Modified Citrus Pectin binds and blocks harmful effects of Galectin-3

Published on March 14, 2012 at 2:40 AM · No Comments

Galectin-3 sounds like a planet out of "Star Trek," but it can be much more ominous. Recently, distinguished integrative physician Isaac Eliaz, M.D., presented breakthrough research demonstrating that the protein Galectin-3 is an active biomarker for numerous life-threatening diseases. Even more importantly, Dr. Eliaz showed how Modified Citrus Pectin (MCP) binds and blocks Galectin-3 throughout the body. The unique ability to inhibit and block the harmful effects of Galectin-3 is one of MCP's many essential health benefits.

This extensive body of research was presented to hundreds of naturopathic oncologists at the Oncology Association of Naturopathic Physicians (OncANP) 2012 Convention & Exposition.

"It's truly rewarding to share cutting-edge research demonstrating Modified Citrus Pectin's ability to promote health and prevent disease," says Dr. Eliaz.

Galectin-3 is a protein produced naturally by our bodies, but elevated levels can lead to chronic inflammation, fibrosis, heart disease, and metastatic cancer. By binding and blocking excess Galectin-3, Modified Citrus Pectin ( prevents this rogue protein from wreaking havoc.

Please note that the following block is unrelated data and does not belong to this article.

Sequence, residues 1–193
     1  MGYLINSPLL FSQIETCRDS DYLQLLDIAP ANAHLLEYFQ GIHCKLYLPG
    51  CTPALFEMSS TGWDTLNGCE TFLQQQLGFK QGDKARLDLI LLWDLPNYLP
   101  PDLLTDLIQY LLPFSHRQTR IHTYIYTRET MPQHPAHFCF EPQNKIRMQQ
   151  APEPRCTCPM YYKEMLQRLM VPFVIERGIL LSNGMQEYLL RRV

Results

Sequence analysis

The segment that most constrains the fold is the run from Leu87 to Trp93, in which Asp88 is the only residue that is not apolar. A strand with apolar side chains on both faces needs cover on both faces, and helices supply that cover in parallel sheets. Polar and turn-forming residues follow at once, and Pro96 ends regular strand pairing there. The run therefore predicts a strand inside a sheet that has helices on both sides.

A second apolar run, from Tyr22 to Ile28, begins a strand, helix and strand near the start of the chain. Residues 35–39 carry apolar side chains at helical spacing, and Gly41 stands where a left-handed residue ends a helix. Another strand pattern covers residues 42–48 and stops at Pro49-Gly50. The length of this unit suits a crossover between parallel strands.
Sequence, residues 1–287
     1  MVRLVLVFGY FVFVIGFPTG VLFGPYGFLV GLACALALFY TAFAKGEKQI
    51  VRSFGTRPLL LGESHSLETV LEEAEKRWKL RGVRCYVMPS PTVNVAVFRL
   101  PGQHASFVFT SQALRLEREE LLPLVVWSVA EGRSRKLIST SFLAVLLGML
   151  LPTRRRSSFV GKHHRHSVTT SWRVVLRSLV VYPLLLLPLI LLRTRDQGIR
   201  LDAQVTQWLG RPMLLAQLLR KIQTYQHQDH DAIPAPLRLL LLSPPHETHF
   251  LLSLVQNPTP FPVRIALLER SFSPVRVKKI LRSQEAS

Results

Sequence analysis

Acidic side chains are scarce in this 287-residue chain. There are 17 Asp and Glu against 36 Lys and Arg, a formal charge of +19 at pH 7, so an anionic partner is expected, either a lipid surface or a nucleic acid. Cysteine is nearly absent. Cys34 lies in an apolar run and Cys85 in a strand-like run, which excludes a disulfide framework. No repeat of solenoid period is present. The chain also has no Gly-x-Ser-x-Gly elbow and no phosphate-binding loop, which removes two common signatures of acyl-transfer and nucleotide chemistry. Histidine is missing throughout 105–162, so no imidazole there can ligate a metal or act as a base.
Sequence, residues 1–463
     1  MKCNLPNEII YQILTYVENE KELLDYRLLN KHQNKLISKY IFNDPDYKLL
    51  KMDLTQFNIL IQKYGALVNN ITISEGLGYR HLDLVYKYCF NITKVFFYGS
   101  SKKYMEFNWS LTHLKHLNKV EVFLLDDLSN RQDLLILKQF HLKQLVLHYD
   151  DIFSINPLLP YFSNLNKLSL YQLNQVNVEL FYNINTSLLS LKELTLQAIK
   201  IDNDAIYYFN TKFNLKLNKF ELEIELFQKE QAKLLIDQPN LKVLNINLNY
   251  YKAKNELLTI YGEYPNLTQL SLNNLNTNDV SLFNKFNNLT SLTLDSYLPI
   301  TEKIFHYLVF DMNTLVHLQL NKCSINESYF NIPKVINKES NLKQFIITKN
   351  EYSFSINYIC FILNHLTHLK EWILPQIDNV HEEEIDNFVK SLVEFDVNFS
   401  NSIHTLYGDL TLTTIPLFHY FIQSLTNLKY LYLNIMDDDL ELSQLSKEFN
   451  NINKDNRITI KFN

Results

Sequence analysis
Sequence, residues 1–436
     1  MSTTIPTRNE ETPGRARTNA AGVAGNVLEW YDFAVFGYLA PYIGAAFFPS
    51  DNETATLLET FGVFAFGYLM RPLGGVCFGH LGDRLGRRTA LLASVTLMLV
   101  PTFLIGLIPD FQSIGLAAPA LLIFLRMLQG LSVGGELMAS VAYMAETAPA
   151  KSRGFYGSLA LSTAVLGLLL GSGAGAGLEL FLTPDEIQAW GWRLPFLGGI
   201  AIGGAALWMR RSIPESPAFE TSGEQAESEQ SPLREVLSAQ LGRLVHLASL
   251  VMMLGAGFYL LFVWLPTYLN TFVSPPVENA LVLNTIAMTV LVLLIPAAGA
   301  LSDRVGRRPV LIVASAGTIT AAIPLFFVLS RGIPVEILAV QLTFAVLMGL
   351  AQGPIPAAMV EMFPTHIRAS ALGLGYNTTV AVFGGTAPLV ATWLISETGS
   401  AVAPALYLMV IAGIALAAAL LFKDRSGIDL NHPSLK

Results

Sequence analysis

The FDA recently approved a blood test that measures Galectin-3 levels, highlighting a key risk factor for progressive heart failure. The test can also determine Galectin-3 induced risk to the liver, lungs, brain and kidneys, as well as indicate risks of cancer progression and metastasis.

Versatile Health Benefits of MCP
Recent studies demonstrate that Modified Citrus Pectin significantly enhances immune function, and reduces galectin-3 expression and disease severity in kidney injury. Furthermore, MCP is proven through multiple clinical studies to remove lead, mercury, arsenic, and cadmium from the body without reducing essential minerals.

Dr. Eliaz also shared new research showing that MCP, when combined with two advanced poly-botanical formulas, works synergistically to inhibit aggressive breast and prostate cancer cells. This study was presented at the last Experimental Biology meeting and is currently in press for publication.

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